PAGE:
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2nd Edition: Experiencing the City: The Relation between Urban Design and People’s Wellbeing

A special issue of International Journal of Environmental Research and Public Health (ISSN 1660-4601). This special issue belongs to the section "Health Behavior, Chronic Disease and Health Promotion".

Deadline for manuscript submissions: closed (31 January 2023) | Viewed by 25741

Special Issue Editors


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Guest Editor
1. Department of Geoinformatics, University of Salzburg, 5020 Salzburg, Austria
2. Center for Geographic Analysis, Harvard University, Cambridge, MA 02138, USA
Interests: human-centred geoinformatics; geospatial machine learning; urban geoinformatics; fusion of human and technical sensors; people as sensors and collective sensing (VGI); real-time and smart cities; crowdsourcing; digital health
Special Issues, Collections and Topics in MDPI journals
Department of the Built Environment, Eindhoven University of Technology, P.O. Box 513, 5600 MB Eindhoven, The Netherlands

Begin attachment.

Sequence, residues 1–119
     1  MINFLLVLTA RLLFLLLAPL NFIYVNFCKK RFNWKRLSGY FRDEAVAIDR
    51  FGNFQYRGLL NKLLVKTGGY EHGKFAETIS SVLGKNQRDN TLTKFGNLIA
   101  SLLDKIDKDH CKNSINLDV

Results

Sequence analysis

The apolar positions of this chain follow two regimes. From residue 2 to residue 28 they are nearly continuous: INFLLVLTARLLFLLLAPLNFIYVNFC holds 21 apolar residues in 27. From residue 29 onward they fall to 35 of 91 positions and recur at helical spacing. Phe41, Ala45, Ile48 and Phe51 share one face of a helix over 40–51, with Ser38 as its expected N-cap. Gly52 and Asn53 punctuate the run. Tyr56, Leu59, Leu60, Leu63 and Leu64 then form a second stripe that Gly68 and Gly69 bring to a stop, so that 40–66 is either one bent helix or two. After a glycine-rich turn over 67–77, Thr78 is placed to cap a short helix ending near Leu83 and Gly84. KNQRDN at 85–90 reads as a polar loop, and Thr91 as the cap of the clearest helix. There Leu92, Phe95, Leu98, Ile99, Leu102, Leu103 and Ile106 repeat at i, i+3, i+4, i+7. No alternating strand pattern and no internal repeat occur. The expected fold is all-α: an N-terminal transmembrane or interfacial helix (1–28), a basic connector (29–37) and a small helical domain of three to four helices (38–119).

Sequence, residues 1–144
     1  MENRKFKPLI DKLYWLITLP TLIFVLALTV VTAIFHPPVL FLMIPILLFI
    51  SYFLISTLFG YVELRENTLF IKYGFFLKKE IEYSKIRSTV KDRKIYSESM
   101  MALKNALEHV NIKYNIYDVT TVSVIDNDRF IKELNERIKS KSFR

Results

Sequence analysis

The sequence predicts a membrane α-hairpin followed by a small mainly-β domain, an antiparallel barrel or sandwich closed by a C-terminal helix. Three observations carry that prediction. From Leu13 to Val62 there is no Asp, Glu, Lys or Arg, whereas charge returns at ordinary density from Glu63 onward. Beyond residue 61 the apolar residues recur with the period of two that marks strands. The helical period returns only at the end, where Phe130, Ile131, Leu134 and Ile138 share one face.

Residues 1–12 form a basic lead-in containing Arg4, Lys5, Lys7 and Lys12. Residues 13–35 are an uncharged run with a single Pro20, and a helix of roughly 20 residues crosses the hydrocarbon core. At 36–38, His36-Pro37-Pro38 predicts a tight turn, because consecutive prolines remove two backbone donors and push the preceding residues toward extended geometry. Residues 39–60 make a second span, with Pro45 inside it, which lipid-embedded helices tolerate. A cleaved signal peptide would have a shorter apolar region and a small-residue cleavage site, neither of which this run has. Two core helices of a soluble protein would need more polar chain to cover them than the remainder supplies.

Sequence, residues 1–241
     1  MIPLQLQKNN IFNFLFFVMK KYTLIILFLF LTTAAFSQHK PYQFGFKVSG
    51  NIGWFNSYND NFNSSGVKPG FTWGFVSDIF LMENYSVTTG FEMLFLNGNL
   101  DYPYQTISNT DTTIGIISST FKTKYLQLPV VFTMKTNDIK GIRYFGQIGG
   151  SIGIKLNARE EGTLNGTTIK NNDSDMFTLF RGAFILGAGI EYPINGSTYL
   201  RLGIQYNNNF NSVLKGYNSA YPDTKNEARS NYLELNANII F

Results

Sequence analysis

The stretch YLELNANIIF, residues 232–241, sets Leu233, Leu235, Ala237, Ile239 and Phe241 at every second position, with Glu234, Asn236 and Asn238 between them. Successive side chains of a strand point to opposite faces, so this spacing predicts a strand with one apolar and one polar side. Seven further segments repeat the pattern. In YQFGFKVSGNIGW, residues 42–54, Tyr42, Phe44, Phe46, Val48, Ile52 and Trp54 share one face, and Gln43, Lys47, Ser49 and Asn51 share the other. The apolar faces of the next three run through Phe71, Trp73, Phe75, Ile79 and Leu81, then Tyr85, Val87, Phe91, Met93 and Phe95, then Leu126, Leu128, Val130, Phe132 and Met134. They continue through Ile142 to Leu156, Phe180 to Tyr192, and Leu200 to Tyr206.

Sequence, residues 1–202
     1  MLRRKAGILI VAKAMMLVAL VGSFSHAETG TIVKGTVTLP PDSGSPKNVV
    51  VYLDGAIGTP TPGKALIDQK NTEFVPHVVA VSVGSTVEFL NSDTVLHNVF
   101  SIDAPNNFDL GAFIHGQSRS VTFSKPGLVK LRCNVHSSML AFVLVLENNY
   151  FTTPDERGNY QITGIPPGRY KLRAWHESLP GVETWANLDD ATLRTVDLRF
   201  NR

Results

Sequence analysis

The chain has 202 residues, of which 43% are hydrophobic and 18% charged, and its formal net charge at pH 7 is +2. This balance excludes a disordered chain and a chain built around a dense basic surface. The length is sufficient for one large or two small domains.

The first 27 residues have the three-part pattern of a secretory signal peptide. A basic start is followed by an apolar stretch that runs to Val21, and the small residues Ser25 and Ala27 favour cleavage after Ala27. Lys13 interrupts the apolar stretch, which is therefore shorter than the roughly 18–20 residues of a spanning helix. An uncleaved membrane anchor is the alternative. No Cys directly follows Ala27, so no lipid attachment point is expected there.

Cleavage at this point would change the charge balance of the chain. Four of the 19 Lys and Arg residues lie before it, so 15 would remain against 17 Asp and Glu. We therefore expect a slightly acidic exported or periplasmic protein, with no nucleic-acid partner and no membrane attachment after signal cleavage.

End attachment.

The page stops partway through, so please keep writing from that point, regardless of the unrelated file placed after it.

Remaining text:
Interests: design and decision support systems; digital urban planning; digital participation; human–environment interaction; human behavior in the built environment; sustainable and healthy cities
Special Issues, Collections and Topics in MDPI journals

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Guest Editor
Faculty of Social Sciences, Department of Geography, The Hebrew University of Jerusalem, Jerusalem, Israel
Interests: vital cities; GIS; GPS; spatial behavior; tourism

Special Issue Information

Dear colleagues,

Urbanization brings major challenges in terms of livability as well as the wellbeing and health of residents. It is important that the urban environment meets the current needs of society, so that people have positive experiences, feel safe, comfortable, and are satisfied with their surroundings. Therefore, in recent years, there has been a growing interest in empirically investigating how people interact with the social and built urban environments. Both policymakers and academics now aim to better understand how urban environments may affect the perception, behavior and experiences of residents, and how urban planning and policy may generate more livable environments and support wellbeing. To date, there is still little empirical research on the (momentary) perception, experience, and affective reactions of people in relation to the urban design of cities. Novel tools such as virtual reality (VR), real-time surveys (ecological momentary assessment—EMA), and geotagging techniques are now emerging as viable methods that can enhance investigation in the field. These techniques may help develop policies on health and wellbeing in urban areas, and supply guidelines for urban planners who wish to design attractive, livable, and safe living environments.